A flavonoid (plant pigment) compound found in grapefruit, naringin gives grapefruit its characteristic bitter flavor. Grapefruit processors attempt to select fruits with low naringin content, and often blend juices obtained from different grapefruit varieties to obtain the desired degree of bitterness. Naringin is believed to enhance our perception of taste by stimulating the taste buds; that's why some people consume a small amount of grapefruit juice before a meal.
But there are downsides to the healthy fruit.
Previous research has found that naringin interferes with enzymatic activity in the intestines thus slowing the breakdown of certain drugs and resulting in higher blood levels of the drug. A number of drugs that are known to be affected by the naringin in grapefruit include calcium channel blockers, estrogen, sedatives, medications for high blood pressure, allergies, AIDS, and cholesterol-lowering drugs. Consuming grapefruit or grapefruit juice may also extend caffeine levels and effects of caffeine.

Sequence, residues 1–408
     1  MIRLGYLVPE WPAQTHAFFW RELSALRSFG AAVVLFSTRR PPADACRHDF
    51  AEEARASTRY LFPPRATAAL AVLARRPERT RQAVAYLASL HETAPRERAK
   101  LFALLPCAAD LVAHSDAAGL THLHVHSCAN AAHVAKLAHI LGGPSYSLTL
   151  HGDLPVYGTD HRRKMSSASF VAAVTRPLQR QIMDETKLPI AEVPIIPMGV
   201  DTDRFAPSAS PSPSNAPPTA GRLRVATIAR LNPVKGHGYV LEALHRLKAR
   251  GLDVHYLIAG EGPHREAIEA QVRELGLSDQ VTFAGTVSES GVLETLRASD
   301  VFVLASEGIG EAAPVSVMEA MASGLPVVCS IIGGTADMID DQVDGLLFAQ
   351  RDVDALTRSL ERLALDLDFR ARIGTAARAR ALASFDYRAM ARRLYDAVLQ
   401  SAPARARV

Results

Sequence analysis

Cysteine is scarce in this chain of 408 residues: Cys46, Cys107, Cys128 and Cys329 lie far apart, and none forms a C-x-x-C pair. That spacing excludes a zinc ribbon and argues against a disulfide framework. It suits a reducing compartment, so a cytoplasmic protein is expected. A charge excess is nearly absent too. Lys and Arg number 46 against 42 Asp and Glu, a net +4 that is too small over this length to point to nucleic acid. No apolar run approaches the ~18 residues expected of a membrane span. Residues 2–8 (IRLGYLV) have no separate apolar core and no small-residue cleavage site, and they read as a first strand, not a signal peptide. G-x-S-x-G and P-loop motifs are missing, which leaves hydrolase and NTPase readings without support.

While the effect of naringin on the metabolism of a drug can increase the drug's effectiveness, it can also result in dosages that are inadvertently too high. Therefore, many physicians do not recommend that patients take any drugs with grapefruit juice unless the interaction with the drug is known. In addition, the effects of drinking grapefruit juice is cumulative, which means that if you drank a glass of grapefruit juice daily with your medication for a week, the drug interaction would be stronger at the end of the week than at the beginning.